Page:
LOS ANGELES (AP) - Deon Cole, a crowd-pleaser as unpredictable Charlie on ABC's sitcom "black-ish," is flying solo with his first stand-up special.
LOS ANGELES (AP) — Deon Cole, a crowd-pleaser as unpredictable Charlie on ABC's sitcom "black-ish," is flying solo with his first stand-up special.
His goal with "Deon Cole: Cole Blooded Seminar ," debuting midnight EDT Saturday on Comedy Central, is to let people know what the world looks like from his perspective.
Expect observational humor about life, love and ethnic differences, Cole said in an interview. He offered his take on relationships — "Women like them, men don't" — and police-citizen synergy.
"Cops need dumb people. What if everybody was smart? Where would police be right now?" he said.
Among the hour-long show's topics on the show Comedy Central is billing as "uncensored": rules to help white people deal with "managing blackness," why women should ask better questions on dates and the frustrations of smartphones and texting.
Besides his special and his "black-ish" role as Charlie Telphy, co-worker and buddy to Anthony Anderson's Dre Johnson, Cole is on screen as detective DJ Tanner in the police parody "Angie Tribeca," in its second season on TBS, and in the movie "Barbershop: The Next Cut."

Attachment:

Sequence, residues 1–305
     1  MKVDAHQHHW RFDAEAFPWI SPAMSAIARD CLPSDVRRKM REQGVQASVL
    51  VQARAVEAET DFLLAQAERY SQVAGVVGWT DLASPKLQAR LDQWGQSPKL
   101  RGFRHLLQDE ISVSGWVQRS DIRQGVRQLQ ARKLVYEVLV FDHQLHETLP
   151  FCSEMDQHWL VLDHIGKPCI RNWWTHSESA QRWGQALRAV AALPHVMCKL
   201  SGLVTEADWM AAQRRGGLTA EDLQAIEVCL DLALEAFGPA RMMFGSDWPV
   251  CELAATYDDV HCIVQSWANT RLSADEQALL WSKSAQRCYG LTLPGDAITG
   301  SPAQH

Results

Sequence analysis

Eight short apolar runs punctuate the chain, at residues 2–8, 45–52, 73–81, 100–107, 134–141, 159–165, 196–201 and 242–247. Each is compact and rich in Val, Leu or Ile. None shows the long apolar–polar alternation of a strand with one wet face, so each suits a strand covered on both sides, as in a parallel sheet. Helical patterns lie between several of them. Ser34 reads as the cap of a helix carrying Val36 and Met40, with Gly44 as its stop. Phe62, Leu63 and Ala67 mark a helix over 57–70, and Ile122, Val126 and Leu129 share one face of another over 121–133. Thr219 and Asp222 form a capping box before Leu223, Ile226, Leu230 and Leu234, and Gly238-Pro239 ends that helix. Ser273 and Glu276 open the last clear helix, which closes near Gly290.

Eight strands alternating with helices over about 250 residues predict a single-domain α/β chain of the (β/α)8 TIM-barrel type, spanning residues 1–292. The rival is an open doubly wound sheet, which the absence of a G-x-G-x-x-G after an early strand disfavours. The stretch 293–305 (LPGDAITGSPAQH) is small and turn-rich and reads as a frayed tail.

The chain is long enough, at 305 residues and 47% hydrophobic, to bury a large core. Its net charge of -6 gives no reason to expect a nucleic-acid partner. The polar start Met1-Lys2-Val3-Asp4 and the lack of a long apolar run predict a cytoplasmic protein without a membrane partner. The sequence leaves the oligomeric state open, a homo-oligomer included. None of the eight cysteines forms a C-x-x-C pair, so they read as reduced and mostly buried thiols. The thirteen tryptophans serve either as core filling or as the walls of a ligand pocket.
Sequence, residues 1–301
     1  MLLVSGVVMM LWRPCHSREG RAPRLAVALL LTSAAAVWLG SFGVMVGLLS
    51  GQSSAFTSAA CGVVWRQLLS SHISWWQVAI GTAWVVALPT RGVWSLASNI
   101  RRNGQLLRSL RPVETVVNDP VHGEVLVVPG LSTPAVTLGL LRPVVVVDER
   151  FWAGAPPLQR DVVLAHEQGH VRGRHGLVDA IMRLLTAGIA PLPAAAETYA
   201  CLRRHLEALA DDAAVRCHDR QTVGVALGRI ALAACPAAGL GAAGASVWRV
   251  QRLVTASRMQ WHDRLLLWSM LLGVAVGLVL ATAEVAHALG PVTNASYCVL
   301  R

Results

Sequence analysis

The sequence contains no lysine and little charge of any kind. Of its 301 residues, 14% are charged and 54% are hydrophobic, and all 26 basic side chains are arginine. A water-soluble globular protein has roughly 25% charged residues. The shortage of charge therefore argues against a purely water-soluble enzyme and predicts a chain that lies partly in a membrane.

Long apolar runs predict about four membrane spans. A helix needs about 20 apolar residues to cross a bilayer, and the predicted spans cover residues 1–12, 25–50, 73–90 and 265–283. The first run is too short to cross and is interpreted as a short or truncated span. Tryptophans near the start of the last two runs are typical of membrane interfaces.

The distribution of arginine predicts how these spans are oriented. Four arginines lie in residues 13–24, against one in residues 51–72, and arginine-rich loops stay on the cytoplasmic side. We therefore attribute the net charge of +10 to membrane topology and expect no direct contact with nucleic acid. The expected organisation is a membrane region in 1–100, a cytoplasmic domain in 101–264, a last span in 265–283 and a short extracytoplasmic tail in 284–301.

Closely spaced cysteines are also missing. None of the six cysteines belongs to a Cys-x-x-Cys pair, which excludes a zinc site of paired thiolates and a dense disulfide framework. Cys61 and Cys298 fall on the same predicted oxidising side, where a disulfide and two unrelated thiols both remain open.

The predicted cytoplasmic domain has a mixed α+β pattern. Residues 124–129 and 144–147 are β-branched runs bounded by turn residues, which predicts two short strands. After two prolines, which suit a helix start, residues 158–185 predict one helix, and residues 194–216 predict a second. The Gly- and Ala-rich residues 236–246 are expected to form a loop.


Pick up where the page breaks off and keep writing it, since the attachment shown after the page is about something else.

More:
He's also touring nationally with his stand-up act and is a longtime writer for Conan O'Brien, from O'Brien's stint hosting NBC's "Tonight" to TBS' "Conan."
En route this week to his hometown, Chicago, Cole was asked if he was taking a vacation break from his busy schedule.
"What's a vacation?" he replied, laughing. Instead, he planned to meet with fellow comedians and writers to toss around ideas for creating a new show.
Cole hopes that the Comedy Central showcase leaves audiences eager for more.
"I want people to look at the show and say, 'He has a different way of thinking of stuff and I would like to see more of him, I would like to get his opinion on other things,'" he said.
"That's the whole point of anyone's standup career. It's to get people to listen to their point of view," he said. "You can change the world, sometimes, with the opinions and thoughts we have as comics."
Lynn Elber is a national television columnist for The Associated Press. She can be reached at firstname.lastname@example.org and on Twitter at http://twitter.com/lynnelber .